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Iomega REV 70GB ATAPI review

If you're serious about backup, then Iomega is it

In essence the REV is a hard drive, but it has a removable cartridge

Our Verdict

A thoroughly niche backup solution


  • Convenient


  • Speed


There are times when you'll need a professional backup storage solution, such as archiving company accounts and data, but what should you choose if you're looking for reliable, convenient and affordable backup? You could always consider the latest update to the REV, which now supports 70GB cartridges.

In essence the REV is a hard drive, with a subtle difference: instead of the heads and platters being in a sealed, self-contained unit, the removable cartridges hold the platters, while heads are in the main unit.

This should in theory mean that the cartridges are more reliable than normal hard drives, as there is no chance of the heads colliding with the platter surface. Modern hard drives do park the heads intelligently though, so this isn't as convincing a reason as it could be.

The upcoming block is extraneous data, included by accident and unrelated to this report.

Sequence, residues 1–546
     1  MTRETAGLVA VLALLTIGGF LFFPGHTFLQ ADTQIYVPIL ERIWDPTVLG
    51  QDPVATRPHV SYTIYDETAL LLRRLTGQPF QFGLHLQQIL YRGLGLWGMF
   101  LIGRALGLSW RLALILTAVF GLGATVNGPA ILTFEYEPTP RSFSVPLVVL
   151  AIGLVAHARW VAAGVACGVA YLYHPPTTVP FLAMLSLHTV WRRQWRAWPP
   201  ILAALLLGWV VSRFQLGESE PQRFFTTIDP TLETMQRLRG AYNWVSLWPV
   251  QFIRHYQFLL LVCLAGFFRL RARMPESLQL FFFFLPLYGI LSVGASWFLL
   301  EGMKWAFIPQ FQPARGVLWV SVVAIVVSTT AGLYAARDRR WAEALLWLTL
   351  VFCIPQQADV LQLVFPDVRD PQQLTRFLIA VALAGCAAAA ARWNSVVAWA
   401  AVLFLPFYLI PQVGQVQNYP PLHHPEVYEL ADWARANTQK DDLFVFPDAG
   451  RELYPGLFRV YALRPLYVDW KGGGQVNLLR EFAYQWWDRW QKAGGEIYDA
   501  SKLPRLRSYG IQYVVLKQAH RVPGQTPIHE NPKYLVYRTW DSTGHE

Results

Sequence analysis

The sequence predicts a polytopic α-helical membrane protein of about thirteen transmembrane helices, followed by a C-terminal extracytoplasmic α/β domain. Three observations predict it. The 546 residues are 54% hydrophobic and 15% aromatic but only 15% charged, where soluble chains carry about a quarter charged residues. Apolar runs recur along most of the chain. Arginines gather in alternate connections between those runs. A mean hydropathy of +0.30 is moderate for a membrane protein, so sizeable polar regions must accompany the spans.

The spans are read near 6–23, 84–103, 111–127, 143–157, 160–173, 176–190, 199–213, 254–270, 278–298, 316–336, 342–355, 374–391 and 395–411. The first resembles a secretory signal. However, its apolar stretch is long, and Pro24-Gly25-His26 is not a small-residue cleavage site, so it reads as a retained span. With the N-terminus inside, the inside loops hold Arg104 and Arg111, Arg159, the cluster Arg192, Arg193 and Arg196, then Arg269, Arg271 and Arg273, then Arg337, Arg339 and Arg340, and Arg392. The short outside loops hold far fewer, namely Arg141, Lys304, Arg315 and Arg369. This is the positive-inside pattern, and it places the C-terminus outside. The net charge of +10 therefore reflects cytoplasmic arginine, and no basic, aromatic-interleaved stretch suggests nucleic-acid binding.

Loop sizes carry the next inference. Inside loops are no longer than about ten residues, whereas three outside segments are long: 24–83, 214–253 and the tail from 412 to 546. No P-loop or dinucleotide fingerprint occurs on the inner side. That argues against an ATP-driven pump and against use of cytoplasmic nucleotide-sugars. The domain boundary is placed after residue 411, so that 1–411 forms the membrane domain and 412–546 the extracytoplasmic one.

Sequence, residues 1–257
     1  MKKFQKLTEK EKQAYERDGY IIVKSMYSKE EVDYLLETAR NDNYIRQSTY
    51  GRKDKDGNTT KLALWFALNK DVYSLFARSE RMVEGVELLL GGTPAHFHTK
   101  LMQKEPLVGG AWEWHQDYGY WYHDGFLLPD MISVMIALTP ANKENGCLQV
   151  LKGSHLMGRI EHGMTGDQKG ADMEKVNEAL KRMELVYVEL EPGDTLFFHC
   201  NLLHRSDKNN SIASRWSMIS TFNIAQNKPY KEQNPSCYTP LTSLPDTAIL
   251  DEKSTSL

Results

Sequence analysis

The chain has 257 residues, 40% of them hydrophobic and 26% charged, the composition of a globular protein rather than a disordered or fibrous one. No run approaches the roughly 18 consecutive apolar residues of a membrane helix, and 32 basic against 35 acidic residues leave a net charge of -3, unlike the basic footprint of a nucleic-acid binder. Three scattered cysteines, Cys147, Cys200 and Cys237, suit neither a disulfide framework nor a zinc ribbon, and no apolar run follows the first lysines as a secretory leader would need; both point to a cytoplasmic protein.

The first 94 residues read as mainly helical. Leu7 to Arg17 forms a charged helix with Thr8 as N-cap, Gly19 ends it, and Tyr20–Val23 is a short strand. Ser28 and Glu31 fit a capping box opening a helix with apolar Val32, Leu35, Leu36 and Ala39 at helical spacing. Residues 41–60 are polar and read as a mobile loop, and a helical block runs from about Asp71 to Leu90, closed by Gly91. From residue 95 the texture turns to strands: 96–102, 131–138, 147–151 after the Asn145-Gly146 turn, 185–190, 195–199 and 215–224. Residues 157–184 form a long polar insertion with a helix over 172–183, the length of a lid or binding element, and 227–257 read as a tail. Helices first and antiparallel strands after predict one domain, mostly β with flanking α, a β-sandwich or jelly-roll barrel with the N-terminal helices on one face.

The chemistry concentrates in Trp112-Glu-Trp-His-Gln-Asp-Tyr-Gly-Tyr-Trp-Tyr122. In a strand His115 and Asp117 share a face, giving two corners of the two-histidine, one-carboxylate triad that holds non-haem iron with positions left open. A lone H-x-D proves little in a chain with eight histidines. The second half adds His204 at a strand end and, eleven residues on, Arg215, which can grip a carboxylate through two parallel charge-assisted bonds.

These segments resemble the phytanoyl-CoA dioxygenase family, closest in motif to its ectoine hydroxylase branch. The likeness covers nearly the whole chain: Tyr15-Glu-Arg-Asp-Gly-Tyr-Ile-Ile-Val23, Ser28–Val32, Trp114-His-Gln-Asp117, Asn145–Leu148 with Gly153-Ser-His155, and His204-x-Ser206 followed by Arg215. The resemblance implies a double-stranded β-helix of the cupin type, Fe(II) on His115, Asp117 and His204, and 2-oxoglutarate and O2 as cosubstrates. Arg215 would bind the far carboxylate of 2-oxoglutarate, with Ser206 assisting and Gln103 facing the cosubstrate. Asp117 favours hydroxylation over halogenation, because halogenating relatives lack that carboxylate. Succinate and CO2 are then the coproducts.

The cartridges don't feel too rugged either, and despite claims of being able to roll a car over them, we didn't have too many problems breaking a cartridge. These do come with a five-year warranty, although if it's your life's work that fails after six years, you're probably not going to be too impressed with such coverage.

Reliability is essential for any serious backup medium, but speed is important too. This is one area where the REV underperformed, copying across a not-unreasonable 6GB of data in a surprisingly lengthy hour and twenty four minutes.

You can expect to write out this amount of data in almost a tenth of that time when burning to a dual layer DVD, not to mention writing to a hard drive or RAID system.

REV doesn't represent a radical shift for data storage. Technically it's reasonable enough, although nothing too startling, but it's the pricing of the unit and subsequent cartridges (£53) that really let it down - it just can't compete with more versatile hard drives or far more affordable DVDs.

This sort of storage is being marginalised as time goes by, and despite the hype, the Rev does nothing to reverse this trend.